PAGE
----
Homily for the 30th Sunday in Ordinary Time, Year B 2015 (Oct 25)

Posted in christian, Christianity, homily, inspirational, Word by Fr. Ron Stephens on October 18, 2015

Homily for the Thirtieth Sunday in Ordinary Time, Year B 2015 (Oct 25)

     Our Psalm response today is “The Lord has done great things for us; we are filled with joy.” That seems to pick up on the dominant theme of the readings today. So many times these days we turn to the Lord when we are in trouble or when we have something to ask for. With today’s readings, we reflect not on our needs but on the gifts that have been given us. When we have bad days as all of us do occasionally, we can wallow in the sadness or fear or anger, or we can choose to look at the one good thing about the day – the one positive in an otherwise awful day.

     This seems to be what God is reminding Jeremiah and his people about today. The Jewish people had been scattered, they no longer had a place to worship in which God dwelled. They were separated from their families, they were in a foreign land and they lost much of their freedom. It could be pretty gloomy. A few weeks ago we heard the psalm that said: “By the rivers of Babylon we sat and wept when we remembered Zion.”

But instead of this depression, God points out a few good things and wants them instead to “sing aloud” and “raise shouts”. Despite the fact hat they sinned and were punished by being sent away, the good news was that God never gave up on them, that God still loved them, that God still saw himself as their father, and he will save them. This, despite all the wrongs they had done against God!

     So God makes a few promises here in Jeremiah: he will “lead them back” home again, no matter how far away they are. And not just the healthy and strong ones, but the blind, the lame, the pregnant. He will take care of them all. So think about that when you get depressed!

     The Psalm then shows us how God did carry out that promise to them. It says: “When the Lord restored the fortunes of Zion… then our mouth was filled with laughter and our tongue with shouts of joy”.  The promise is still there for us as well. In the last verse we hear: “Those who go out weeping…shall come home with shouts of joy.” All we need do is to look at the positives God will do for us and has done instead of being negative and filling our lives with worry.

     Similarly in the Gospel today we read of Bartimaeus, a blind man, who had every reason to be depressed and miserable. But Bartimaeus had heard word of Jesus and the healings and he believed Jesus to be the Messiah. We know that because he uses the term Son of David which was a code for Messiah. The others around him who went to see Jesus did not seem to have such a belief. They may have been there for the celebrity – to see what this Jesus was all about. They even tried to get Bartimaeus to shut up. But they didn’t succeed. Bartimaeus knew what he wanted and he knew who could give it to him, so he shouted all the louder. We might take note of this ourselves when we want something very badly and are not getting it from God.  Maybe we have to not give up and, indeed, shout even louder!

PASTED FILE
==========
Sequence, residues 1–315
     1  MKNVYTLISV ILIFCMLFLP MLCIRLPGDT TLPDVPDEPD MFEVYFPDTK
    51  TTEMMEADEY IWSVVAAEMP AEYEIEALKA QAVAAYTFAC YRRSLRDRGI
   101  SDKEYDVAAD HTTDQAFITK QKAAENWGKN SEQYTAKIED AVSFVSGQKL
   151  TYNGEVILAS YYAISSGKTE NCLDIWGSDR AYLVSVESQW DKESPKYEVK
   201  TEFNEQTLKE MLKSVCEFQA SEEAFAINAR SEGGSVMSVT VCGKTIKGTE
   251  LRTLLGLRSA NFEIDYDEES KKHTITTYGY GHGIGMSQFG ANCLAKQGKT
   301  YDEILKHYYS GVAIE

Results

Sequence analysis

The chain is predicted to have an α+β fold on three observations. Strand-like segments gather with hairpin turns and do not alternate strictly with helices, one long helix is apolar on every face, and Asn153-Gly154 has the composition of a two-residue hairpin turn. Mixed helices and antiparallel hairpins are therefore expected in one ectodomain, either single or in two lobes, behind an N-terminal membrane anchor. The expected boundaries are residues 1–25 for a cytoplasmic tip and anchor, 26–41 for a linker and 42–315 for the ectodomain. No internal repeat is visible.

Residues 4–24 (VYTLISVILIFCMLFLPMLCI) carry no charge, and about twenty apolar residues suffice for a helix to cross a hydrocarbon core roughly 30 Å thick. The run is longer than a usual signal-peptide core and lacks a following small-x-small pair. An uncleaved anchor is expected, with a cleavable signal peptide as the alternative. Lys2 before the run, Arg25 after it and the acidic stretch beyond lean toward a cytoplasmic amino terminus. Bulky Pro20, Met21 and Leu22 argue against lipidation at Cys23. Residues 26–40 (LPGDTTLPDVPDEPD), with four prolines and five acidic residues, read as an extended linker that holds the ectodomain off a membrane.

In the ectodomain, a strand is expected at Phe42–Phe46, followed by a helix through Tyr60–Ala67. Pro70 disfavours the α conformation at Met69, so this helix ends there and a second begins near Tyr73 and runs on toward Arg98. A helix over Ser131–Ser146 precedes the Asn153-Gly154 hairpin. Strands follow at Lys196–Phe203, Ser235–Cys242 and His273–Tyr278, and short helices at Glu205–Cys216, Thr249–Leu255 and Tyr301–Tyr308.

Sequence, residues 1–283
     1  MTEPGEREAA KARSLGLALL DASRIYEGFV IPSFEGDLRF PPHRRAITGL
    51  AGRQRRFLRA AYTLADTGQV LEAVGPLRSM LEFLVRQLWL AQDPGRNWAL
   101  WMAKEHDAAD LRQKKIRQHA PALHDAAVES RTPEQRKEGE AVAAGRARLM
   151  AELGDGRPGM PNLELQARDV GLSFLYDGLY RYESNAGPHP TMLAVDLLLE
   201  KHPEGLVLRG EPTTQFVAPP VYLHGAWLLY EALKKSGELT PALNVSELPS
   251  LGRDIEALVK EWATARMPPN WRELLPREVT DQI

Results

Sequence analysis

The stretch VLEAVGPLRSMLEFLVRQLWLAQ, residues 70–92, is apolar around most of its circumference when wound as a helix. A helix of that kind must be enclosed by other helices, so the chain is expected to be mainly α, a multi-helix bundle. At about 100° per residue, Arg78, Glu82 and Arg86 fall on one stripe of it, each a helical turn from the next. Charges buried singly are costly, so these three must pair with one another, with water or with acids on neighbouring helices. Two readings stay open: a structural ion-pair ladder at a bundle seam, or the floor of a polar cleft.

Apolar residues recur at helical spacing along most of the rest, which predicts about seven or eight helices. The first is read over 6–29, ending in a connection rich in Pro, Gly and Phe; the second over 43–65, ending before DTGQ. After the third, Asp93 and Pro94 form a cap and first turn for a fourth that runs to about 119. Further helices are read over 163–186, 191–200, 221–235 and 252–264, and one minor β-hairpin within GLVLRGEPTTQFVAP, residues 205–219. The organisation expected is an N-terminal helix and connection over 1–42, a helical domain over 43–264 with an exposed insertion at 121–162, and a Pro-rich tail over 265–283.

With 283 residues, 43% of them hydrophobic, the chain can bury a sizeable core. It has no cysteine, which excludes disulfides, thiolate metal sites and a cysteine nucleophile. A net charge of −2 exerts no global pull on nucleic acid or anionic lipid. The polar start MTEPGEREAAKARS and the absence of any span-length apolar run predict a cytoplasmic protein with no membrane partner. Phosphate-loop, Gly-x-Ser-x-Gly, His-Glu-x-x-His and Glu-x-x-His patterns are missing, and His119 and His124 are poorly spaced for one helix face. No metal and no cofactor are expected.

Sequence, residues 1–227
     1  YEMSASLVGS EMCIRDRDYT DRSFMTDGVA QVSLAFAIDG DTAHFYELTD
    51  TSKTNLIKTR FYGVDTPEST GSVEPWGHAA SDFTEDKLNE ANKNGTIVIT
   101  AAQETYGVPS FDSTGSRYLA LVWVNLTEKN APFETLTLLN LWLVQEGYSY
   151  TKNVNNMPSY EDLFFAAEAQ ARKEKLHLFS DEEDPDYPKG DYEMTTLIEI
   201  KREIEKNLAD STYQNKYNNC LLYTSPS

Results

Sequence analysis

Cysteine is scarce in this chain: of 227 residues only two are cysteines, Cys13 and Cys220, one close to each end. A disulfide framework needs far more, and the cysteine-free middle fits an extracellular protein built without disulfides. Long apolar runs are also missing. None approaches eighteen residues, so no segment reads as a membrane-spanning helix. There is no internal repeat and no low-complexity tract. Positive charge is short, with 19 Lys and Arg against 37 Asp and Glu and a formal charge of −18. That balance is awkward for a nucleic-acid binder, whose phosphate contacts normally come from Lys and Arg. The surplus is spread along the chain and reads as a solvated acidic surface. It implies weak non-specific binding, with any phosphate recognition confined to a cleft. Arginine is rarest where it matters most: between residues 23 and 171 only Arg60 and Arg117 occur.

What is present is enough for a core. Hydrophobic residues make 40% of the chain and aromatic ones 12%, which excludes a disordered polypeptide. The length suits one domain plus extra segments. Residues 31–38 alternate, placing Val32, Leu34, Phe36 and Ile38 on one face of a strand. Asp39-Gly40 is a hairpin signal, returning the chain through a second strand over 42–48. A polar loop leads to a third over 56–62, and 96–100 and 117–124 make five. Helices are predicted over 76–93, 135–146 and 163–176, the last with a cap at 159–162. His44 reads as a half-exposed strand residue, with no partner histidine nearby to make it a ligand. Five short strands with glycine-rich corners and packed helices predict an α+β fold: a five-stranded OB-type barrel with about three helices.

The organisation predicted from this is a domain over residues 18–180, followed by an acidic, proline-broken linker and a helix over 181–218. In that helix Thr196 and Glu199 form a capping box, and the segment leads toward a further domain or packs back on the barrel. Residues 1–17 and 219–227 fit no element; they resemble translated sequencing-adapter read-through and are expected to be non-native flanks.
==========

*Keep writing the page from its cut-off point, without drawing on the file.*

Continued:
When Jesus heard Bartimaeus he stopped walking and asked for Bartimaeus to be brought to him. I love the directness of both Jesus and the blind man. They don’t waste any time or any words. Both know what they want. Jesus doesn’t make small talk; he comes right to the point. “What do you want me to do for you?” he asks. Bartimaeus is just as direct: I want to see again. And Jesus cures him. Just like that! Jesus also says that what has made him well is his great faith. Earlier he had told the disciples that faith can move mountains. Well, blindness is certainly a mountain to move!

We also notice that when Bartimaeus could see, he didn’t run off, but that his faith and his belief in the Jesus as Messiah caused him to become a follower of Jesus. He “followed Jesus on the way.” The “way” was one of the first names given to Jesus’ teachings. Bartimaeus didn’t spend his time depressed because he was blind, but he took action and concentrated on the positive that there was a healer.

     The Epistle today focuses on Christ as the high priest – the one person who could go into he Holy of Holies and speak to God on our behalf, offer gifts and make sin sacrifices. In our attempts to focus on what God has done for us, we must call to mind what it means that God sent his only Son as a human like us, and so he knows what we are up against in our daily lives. He was up against it, too. So we need to focus on how wonderful God has been to us, how caring, how forgiving, to give us this gift of himself!

     Let us take the time this week to focus on the good things in our life that God has provided, not on the bad things going on. There will always be negatives in our lives – that’s what it means to be human, to grow older, to be tempted. Instead, let us look at the good things God has done for us, the good things that present themselves to us each day – the smile from a neighbor, the help from a store clerk, the play of a child, the sun in our face. They are there if we concentrate on them, and just maybe, it will carry over into our lives and the lives of others, making this world even closer to that kingdom of God that Jesus preached about.

     And this is the joyful Good News I want you to think about this week!.

Bishop Ron Stephens

Pastor of St. Andrew’s Parish in Warrenton, VA

The Catholic Apostolic Church in North America (CACINA)

[Prepare for next year! Volume 3 (Luke) of Bishop Ron’s homilies, one for every Sunday and Feast, is available from for $9.99 – “Teaching the Church Year”]

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